Marital status

Number examined

Number positive

Prevalence (%)

Single

5

0

0

Married

131

14

10.3

Total

136

14

10.3

Table 3 shows the distribution of ASB among the participants in relation to occupation. It showed that the highest prevalence 5 (3.7%) of ASB, was the unemployed pregnant women followed by self-employed and civil servants; 4 (2.9%) and 3(2.2%) respectively. While the least was the students 2 (1.5%).

Table 3: Distribution of ASB in Relation to Occupation

Occupation

Number examined

Number positive

Prevalence (%)

Unemployed

50

5

3.7

Civil servants

22

3

2.2

Students

21

2

1.5

Self-employed

43

4

2.9

Total

136

14

10.3

X2 = 0.330; P value = 0.95

Table 4 showed the distribution of ASB among pregnant women in relation to educational qualification. Women who attended only secondary school (5.2%), recorded the highest prevalence, followed by tertiary institutions while the least was (4.4%), among those who attended only primary school (0.7%).

Table 4: Distribution of ASB among Pregnant Women in Relation to Educational Qualification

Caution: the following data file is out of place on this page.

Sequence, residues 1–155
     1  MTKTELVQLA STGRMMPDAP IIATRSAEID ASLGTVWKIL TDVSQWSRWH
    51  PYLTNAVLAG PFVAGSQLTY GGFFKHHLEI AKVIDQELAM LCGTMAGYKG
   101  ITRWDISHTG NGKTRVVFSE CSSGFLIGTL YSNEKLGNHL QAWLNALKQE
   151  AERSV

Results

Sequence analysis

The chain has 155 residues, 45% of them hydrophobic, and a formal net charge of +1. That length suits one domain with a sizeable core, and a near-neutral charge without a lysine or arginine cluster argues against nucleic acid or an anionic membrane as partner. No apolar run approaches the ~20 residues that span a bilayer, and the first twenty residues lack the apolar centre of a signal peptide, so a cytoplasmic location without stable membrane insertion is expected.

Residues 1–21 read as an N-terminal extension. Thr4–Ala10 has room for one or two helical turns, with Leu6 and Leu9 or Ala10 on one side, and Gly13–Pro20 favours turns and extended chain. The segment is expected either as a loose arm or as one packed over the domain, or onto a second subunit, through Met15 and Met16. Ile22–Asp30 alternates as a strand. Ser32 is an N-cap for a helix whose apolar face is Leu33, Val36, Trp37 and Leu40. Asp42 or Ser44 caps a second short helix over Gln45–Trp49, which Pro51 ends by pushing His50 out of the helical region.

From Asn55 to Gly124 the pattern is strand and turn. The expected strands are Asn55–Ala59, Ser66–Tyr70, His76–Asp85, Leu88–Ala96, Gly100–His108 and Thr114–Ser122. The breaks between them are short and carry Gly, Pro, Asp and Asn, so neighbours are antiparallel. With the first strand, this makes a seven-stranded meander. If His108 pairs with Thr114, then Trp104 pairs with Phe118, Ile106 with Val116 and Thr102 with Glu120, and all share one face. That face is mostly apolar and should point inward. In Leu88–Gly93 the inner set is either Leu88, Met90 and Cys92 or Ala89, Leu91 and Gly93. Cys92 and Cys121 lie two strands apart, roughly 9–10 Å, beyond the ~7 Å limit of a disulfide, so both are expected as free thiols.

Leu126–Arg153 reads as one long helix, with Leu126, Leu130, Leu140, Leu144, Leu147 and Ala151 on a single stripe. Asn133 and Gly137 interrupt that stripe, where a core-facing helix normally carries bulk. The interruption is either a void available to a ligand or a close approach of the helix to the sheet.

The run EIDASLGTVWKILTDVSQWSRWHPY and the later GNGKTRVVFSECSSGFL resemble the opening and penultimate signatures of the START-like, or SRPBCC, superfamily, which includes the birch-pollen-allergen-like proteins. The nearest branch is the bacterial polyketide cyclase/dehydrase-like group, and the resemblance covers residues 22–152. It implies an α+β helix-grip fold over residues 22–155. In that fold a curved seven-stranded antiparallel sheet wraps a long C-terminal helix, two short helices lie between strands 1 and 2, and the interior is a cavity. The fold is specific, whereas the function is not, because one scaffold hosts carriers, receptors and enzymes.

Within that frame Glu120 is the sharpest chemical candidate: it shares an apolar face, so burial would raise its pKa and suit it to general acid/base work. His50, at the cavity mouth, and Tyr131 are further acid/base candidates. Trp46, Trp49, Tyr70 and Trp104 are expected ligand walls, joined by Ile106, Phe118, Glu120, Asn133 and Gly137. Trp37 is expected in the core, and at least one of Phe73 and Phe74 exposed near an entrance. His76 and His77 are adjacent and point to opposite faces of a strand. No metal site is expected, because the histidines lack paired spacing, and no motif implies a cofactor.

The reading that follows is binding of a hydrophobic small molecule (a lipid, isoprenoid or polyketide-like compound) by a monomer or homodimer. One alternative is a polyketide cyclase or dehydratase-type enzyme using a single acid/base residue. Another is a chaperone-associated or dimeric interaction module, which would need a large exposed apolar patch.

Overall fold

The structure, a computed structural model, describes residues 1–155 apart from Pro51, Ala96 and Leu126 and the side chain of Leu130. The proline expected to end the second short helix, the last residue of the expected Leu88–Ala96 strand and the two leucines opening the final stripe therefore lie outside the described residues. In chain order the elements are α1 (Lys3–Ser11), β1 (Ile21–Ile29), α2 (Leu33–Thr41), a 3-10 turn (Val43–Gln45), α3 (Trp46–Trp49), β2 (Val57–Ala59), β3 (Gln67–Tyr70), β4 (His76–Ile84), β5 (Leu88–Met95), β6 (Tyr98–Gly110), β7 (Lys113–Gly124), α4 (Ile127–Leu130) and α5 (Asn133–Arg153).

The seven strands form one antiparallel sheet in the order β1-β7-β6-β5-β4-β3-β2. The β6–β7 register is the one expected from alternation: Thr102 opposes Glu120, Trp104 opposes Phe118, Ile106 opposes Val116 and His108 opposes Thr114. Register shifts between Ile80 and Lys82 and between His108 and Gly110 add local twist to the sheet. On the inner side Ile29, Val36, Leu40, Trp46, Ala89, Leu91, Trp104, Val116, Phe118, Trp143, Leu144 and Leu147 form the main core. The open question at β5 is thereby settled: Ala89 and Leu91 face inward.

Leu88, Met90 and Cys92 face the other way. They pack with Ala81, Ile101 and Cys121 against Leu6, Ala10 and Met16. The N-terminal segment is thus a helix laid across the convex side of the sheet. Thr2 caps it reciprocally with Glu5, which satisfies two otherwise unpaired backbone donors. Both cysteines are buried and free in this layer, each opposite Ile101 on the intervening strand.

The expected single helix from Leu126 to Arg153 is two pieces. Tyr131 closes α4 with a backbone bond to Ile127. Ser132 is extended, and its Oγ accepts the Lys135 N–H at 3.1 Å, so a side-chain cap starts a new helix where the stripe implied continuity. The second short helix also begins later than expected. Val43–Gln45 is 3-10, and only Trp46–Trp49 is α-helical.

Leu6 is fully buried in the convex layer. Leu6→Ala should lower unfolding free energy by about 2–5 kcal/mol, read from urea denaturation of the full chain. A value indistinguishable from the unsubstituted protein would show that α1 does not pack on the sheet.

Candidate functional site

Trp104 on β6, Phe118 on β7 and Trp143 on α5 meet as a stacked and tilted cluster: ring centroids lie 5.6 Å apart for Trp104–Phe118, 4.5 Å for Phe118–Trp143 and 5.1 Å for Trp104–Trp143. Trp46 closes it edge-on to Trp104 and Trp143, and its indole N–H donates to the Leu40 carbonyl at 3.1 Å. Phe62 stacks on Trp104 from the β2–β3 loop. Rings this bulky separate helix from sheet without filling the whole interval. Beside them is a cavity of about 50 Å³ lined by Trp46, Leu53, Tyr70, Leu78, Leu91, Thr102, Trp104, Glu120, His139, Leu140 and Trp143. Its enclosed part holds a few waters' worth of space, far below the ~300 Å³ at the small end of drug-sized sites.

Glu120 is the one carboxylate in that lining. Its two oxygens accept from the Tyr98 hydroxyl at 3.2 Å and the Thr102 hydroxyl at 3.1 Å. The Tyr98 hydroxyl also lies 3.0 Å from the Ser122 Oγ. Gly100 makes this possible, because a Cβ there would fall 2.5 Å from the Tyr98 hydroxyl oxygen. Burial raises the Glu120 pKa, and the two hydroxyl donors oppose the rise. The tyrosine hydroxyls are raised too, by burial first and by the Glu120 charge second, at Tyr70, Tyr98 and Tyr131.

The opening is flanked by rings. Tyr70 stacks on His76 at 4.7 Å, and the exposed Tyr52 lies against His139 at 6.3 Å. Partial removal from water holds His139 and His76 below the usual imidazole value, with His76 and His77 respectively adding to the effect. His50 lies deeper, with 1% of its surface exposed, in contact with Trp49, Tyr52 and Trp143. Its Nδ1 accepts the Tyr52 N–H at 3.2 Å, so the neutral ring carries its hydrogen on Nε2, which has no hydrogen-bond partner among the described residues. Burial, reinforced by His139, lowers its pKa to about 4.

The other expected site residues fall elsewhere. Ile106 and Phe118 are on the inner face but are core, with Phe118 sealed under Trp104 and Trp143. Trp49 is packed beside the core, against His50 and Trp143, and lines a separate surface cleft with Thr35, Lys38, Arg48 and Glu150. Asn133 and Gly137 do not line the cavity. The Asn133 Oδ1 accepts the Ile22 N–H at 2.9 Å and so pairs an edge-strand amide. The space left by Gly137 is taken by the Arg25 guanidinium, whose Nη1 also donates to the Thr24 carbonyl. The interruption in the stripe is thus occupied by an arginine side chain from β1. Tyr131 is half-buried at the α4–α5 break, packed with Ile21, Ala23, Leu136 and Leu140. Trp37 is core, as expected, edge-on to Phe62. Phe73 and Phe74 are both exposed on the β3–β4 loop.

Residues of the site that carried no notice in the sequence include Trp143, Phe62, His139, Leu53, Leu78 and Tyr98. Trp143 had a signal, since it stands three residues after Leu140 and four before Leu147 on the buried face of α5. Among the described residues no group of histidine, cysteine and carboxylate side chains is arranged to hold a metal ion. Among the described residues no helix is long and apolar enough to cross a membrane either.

Educational qualification

Number examined

Number positive

Prevalence (%)

Primary school

21

1

0.7

Secondary school

60

7

5.2

Tertiary institution

55

6

4.4

Total

136

14

10.3

X2 = 0.841; P value = 0.657

Table 5 shows the percentage occurrence and distribution of bacteria isolated in the urine sample of all participants. Four (4) different bacteria were isolated in this study, namely; Escherichia coli 10 (71.4%), Proteus mirabilis 1 (7.1%), Klebsiella spp 1 (7.1%) and Staphylococcus aureus 2 (14.3%).

Table 5: Percentage Occurrence and Distribution of Bacteria Isolates in Urine of Pregnant women in the ASB study

Bacterial isolates

Number isolated

Percentage Occurance(%)

Escherichia coli

10

71.4

Proteus mirabilis

1

7.1

Klebsiella species

1

7.1

Staphylococcus aureus

2

14.3

Total

14

100

Table 6 shows the distribution of ASB in relation to trimesters. Women in their second and third trimesters recorded the prevalence of 4.4% each, while those women in their first trimester had a prevalence of 1.5%.